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September 26, 2008 – Comments (1)

That is what changed when a friends company rolled over their credit line with citi today. When my friend expressed his dismay, the citi rep said it could be higher, but you are a good company. The citi rep did not say there was no money.

Which begs the question:

If we recapitalize the banks with 700 bil, at what percentage (bank tax) are they going to capitalize our business's?

1 Comments – Post Your Own

#1) On September 27, 2008 at 10:39 AM, rd80 (98.29) wrote:

This plan only assumes and hopes that banks will loosen lending standards and lower rates as our tax money makes it to their balance sheets.  There is no guarantee that will happen.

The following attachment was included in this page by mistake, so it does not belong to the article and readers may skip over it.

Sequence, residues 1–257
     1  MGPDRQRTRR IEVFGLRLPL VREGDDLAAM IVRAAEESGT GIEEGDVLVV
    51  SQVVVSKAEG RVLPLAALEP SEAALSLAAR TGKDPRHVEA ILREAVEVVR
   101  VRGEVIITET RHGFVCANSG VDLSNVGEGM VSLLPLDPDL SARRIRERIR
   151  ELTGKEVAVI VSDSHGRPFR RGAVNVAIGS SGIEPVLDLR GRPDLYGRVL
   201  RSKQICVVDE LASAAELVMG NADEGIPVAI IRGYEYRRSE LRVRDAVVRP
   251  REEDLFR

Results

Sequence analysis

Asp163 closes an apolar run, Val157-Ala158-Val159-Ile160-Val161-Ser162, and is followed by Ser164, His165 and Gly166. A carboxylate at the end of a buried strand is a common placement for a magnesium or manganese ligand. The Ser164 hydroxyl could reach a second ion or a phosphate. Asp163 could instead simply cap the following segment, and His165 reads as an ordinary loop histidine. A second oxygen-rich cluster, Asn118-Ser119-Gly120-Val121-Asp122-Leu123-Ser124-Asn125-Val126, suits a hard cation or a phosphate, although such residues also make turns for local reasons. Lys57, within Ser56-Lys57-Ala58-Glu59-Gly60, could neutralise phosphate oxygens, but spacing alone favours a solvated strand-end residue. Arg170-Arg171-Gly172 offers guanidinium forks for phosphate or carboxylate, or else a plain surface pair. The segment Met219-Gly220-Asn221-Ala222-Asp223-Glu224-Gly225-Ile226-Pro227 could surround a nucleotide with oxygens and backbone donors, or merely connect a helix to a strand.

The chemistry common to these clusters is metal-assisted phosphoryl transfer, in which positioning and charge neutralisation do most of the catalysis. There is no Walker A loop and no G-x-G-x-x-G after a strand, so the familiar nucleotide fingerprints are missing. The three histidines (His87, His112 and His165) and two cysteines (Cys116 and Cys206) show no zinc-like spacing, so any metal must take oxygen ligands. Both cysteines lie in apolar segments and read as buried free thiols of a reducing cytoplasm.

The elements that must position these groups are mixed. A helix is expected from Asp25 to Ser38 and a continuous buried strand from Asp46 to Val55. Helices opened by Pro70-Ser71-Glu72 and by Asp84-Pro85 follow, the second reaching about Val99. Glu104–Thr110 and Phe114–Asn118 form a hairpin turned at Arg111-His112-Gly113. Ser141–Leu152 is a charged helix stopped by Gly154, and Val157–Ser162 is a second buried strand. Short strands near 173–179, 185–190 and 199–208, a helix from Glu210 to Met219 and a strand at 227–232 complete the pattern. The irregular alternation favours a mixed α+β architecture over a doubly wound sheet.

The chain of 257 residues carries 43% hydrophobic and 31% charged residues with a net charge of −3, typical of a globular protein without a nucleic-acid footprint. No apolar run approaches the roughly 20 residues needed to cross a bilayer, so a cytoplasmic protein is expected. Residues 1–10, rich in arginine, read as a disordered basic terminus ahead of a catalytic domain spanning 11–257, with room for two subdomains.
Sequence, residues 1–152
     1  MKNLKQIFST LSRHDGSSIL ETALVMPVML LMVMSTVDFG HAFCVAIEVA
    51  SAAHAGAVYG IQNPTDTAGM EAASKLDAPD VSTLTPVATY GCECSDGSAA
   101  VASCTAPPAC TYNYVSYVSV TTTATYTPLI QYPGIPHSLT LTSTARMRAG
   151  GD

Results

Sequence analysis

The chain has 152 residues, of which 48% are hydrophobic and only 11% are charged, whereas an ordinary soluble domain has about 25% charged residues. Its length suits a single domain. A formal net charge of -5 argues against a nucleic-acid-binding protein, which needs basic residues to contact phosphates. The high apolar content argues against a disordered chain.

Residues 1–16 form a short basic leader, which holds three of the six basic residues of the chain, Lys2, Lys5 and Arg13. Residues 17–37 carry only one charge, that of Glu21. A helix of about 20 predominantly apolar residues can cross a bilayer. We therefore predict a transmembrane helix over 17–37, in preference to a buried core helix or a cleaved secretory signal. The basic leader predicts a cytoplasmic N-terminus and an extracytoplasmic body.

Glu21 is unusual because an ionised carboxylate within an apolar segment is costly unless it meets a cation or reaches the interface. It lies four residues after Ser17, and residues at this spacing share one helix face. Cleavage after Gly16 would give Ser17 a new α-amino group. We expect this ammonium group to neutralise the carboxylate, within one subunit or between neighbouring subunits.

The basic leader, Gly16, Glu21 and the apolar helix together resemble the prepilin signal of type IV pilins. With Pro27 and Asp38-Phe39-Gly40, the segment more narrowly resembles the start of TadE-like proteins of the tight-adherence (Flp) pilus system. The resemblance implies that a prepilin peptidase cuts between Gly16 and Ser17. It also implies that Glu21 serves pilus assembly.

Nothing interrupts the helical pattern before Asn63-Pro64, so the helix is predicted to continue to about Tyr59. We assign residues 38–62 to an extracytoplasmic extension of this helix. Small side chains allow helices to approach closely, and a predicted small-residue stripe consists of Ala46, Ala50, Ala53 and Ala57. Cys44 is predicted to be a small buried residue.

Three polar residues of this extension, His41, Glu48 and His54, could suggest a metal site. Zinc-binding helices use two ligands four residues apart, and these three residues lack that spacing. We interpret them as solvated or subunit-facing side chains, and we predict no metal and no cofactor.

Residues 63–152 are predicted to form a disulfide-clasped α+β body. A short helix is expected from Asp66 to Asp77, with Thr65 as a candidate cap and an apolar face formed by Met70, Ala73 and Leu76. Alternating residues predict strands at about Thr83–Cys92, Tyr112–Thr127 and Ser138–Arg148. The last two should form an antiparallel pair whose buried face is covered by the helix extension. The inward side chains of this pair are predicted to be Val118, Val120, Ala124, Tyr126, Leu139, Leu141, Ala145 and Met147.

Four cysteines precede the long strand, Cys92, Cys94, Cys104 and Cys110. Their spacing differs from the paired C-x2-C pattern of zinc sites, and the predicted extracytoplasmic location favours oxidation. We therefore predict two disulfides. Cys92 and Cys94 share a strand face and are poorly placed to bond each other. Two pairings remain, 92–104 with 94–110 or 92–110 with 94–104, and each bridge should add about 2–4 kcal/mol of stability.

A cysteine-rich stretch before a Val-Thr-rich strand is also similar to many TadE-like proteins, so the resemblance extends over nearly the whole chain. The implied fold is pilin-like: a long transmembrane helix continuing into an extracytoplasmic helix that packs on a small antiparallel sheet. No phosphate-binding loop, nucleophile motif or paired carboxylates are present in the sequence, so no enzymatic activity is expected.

Had this mess been passed a week ago, WaMu might have been saved.  But not all of the money they raised from selling bad assets would have been available for new loans, they would have needed to keep some on the balance sheet to strengthen capital ratios.  Same thing for Wachovia, Citi or any other bank that's struggling. 

The banks that have solid balance sheets won't come to the gov't because of the equity dilution provisions that will probably be in the bill.  So, our $700 billion will have the perverse effects of propping up banks that should go under, doing less than expected to free up credit lines and putting good management at a disadvantage to incompetence.

Since flooding hundreds of billions of newly printed dollars into the system would be inflationary, long term rates may go even higher if this plan passes.

 

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